Rehbein, M. et al. 2009. Codicology & palaeography in the digital age. Norderstedt.
Terras, M. 2006. Image to interpretation: an intelligent system to aid historians in reading the Vindolanda texts. Oxford.
Stokes, P. 2009. Computer-Aided Palaeography, Present and Future. In: M. Rehbein et al. 2009. Codicology & palaeography in the digital age, 309-338. Norderstedt.

Curator, Digital Publications, British Library (London)

September 11th, 2018 by Gabriel Bodard

Posted for Gethin Rees:

The British Library is seeking a Curator, Digital Publications to help develop its ability to collect, manage and make complex digital publications available. The role supports the library’s ‘Emerging Formats’ project and is focused on UK publications created for the mobile web, as interactive narratives or in database format.
This is an exciting role offering opportunities to engage with creators and new technologies and to shape emerging collections.

One year Digital Humanities/French literature post, Lille

September 4th, 2018 by Gabriel Bodard

Forwarded for Professor Bougassas:

Appel à candidature
Contrat de recherche postdoctoral OU
Contrat Ingénieur de recherche ou d’études

Humanités numériques / Littérature française des XVe et début XVIe siècles / manuscrits et imprimés

Dans le cadre de la préparation d’une base de données relationnelle sur des textes de la fin du Moyen Âge et du début du XVIe siècle (manuscrits et imprimés), l’Université de Lille recrute un/une post-doctorant/e pour 12 mois.

La personne recrutée travaillera sous la responsabilité du professeur Catherine Gaullier- Bougassas. Elle aura pour missions :

-le recensement et l’analyse des besoins pour la conception de la base de données, qu’elle présentera dans un document écrit ;
-le dépouillement d’un corpus de textes du XVe et du début du XVIe siècles (textes disponibles sous forme d’éditions modernes ou à partir des manuscrits et des imprimés des XVe et XVIe siècles, numérisés ou non)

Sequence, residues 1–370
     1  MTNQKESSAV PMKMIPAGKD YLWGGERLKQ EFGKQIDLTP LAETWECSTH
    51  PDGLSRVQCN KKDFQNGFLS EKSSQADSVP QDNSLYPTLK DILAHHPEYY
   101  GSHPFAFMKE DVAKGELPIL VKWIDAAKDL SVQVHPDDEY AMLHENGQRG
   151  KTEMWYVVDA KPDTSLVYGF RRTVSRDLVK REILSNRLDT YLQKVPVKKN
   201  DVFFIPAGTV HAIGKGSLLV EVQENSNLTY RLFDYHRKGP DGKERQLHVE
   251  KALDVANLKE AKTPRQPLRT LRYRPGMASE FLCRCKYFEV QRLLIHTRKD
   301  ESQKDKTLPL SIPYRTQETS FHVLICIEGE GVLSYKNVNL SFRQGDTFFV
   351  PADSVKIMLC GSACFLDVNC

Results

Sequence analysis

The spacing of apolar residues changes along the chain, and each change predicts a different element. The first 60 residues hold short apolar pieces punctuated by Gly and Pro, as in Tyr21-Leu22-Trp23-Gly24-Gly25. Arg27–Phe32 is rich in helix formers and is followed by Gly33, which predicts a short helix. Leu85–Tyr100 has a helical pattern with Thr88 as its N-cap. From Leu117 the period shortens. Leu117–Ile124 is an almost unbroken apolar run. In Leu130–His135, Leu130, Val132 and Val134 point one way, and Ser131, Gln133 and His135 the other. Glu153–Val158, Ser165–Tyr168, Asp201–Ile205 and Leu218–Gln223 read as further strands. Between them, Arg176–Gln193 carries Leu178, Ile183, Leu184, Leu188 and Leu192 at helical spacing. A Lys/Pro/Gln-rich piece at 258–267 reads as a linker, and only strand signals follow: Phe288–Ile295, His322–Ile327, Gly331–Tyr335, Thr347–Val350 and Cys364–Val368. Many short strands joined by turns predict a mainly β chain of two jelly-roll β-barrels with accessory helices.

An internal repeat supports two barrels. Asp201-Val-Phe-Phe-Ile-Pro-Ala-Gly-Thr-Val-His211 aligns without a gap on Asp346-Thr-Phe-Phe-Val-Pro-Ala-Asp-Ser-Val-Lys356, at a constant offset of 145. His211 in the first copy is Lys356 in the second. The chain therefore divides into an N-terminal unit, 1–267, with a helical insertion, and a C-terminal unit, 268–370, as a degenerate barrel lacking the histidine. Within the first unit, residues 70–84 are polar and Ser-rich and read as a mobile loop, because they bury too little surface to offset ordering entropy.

-la collecte de données et la rédaction de notices
-la conception de la base de données relationnelle qui inclura des notices sur les textes, leurs manuscrits et/ou imprimés et qui établira les critères de recherche selon lesquels les croiser.
-la rédaction du cahier des charges pour le projet, ainsi que de la documentation d’administration et d’utilisation.
-la documentation de la production, du traitement et des analyses des données de la base.
-l’interface avec l’équipe informatique qui réalisera la base.

Read the rest of this entry »

Jobs: Living With Machines, British Library

August 28th, 2018 by Gabriel Bodard

Shared from the British Library digital scholarship blog:

We are seeking to appoint several new roles who will collaborate on an exciting new project developed by the British Library and The Alan Turing Institute, the national centre for data science and artificial intelligence. You’d be working with an inter-disciplinary group of investigators. The project is led by Ruth Ahnert (QMUL), and co-led by (in alphabetical order): Adam Farquhar (British Library), Emma Griffin (UEA), James Hetherington (Alan Turing Institute), Jon Lawrence (Exeter), Barbara McGillivray (Alan Turing Institute and Cambridge) and Mia Ridge (British Library).

Jobs currently advertised:

Further opportunities are currently being scoped and are likely to include:

  • Data and Content Manager (British Library)
  • Rights Assurance (British Library)
  • Digital Curator (British Library, contributing to the development and implementation of the digital scholarship and public outreach strands of the project)
  • Digital Systems Engineer (British Library, suitable for Research Software Engineers or other software developers)

Digital Classics issue of Studia UBB Digitalia

July 17th, 2018 by Gabriel Bodard

Forwarded for Annamária Pázsint:

We are pleased to announce the call for papers for the following number of the journal Studia UBB Digitalia, which will be dedicated to digital classics, ancient history and archaeology.

Please find below details regarding the publication:

Studia UBB Digitalia (ISSN 2559-6721) is the official journal of the Transylvania Digital Humanities Center – DigiHUBB (Babeș-Bolyai University, Cluj-Napoca, Romania). It is a peer-reviewed, open access scholarly publication, indexed in CEEOL and dealing with subjects of general interest in the field of digital humanities.

Its following number (4/2018) will be dedicated to digital classics, ancient history & archaeology, with a special focus on projects and initiatives pertaining to these fields. The subjects can include, but are not limited to, digital approaches to geo-visualization, non-invasive archaeological prospections, markup, scholarly annotation, photogrammetry, databases, etc.

The call in open to all scientists of the field, but we strongly encourage submissions from career researchers.

The deadline for submissions is November 1st 2018 and for the Authors Guidelines, please see the dedicated page on the journal’s website. For additional questions on this number of Studia UBB Digitalia, please contact dr. Rada Varga (radavarga@gmail.com).

Teaching art & archaeology with 3D technologies